Centre for Law, Economics and Society (CLES)

EVENTS

We are currently working on a new events programme, please come back to check!

For more information and to view past events, please go to the events pages.

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Contact Us

For general enquiries, please contact:

laws.research [at] ucl.ac.uk
+44 (0)20 3108 8484

For research project enquiries, please contact:

Professor Ioannis Lianos
+44 (0)20 3108 8346
i.lianos [at] ucl.ac.uk

Global Competition Law & Economics Series

Purpose of the Series

This research project, involving the organization of international conferences and the publication of a book series with Stanford University Press, is aimed at one of the most central questions to the study of competition law – how law, economics and institutions respond to an increasingly global and interconnected competition law community. Given the importance of an increasingly international and comparative set of issues for competition law, one would expect to find a well developed set of conferences and books providing comparative and global perspectives from various jurisdictions, legal cultures and socio-economic contexts.

While in recent years there has been convergence in a number of areas of competition law, such as merger and cartel enforcement, other areas of significant disagreement remain, such as unilateral conduct. More recently, the role of the state in the economy, issues of due process and procedure, the impact of systemic macro-economic shocks, the interaction of competition law with other areas of law, such as intellectual property rights and its enforcement in dynamic and highly evolving industries became topics of concern for the global competition law community. The aim of the series is to explore the development of competition law in various regions of the world and to provide research of the highest quality in the area of competition law and economics that would enable policymakers around the world to tackle the complex task of setting an economically sophisticated, but also responsive to the specific jurisdiction's socio-economic context, competition law enforcement system.

  • The Global Competition Law and Economics Series Conferences
18 - 20 May 2016 St Petersburg
Global Food Supply Chains and Competition Law
 14 November 2015
Cape Town
Competition Law and Policy in the Food Value Chain: Is there a Call for a BRICS Competition Law Paradigm? Workshop
23 June 2015
St Petersburg
The Global Diffusion of Competition Law and Policy - An Explanatory Workshop
  22 June 2015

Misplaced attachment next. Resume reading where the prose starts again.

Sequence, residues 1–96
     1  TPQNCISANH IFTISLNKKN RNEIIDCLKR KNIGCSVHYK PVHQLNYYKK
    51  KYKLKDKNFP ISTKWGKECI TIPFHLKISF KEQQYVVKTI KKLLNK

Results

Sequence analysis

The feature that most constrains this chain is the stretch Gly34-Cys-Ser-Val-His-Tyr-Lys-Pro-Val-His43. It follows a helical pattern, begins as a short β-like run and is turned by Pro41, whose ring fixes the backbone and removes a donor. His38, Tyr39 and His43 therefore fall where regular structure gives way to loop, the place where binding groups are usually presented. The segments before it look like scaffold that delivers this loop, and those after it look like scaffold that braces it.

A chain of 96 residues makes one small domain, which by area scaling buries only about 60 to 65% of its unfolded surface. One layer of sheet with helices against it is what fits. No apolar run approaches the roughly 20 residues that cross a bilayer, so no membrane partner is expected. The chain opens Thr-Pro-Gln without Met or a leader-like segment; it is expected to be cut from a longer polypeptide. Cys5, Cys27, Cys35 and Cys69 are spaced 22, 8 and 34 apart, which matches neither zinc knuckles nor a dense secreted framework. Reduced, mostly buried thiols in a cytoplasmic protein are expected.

St Petersburg
First BRICS Competition Law and Policy Forum
 9 December 2014
London
Renata Hesse on Recent Developments in US Antitrust Law
13 November 2012
London
Antitrust Policy towards Resale Price Maintenance Following Leegin and ebooks: A US, UK and EU Comparative Competition Law Perspective
19 October 2012
Chicago
Brands, Competition and the Law - Part II
 6 December 2011 London Competition Law and Policy in the Healthcare Sector: A Trans-Atlantic Perspective
2 December 2011 London
 Brands, Competition and IP Law - Part I
 18 & 19 March 2011
Hong Kong
Competition Law and the State: Comparative and International Perspectives
18 & 19 November 2010
Delhi, India
Implementing Competition Law and Policy: Global Perspectives
23 September 2010 London
Competition Law and Policy in Latin America
13 & 14 October 2009 London
Vertical Restraints in EC Competition Law: New Dynamics
27 & 28 May 2009 Santorini
The Boundaries of Competition Law
5 & 6 October 2008 Istanbul Which Competition Policy for Regulated Industries? Governance and Sector-specific Perspectives
  • The Global Competition Law and Economics Series published by Stanford University Press, Ioannis Lianos and D. Daniel Sokol, series editorsCompetition law and economics (known in the United States as antitrust) is an area of cutting-edge academic work with significant policy implications. Once confined to the United States and a few other countries, antitrust has taken off as an area of study in a relatively short period of time. More than 100 jurisdictions now have competition laws. Increasingly, enforcement activities abroad have far-reaching implications for any antitrust regime. Moreover, developments in economic thinking have helped to reformulate attitudes in both academic and policy circles. This book series will be at the forefront of the development of new ideas and approaches within the field. For more information see our publications.

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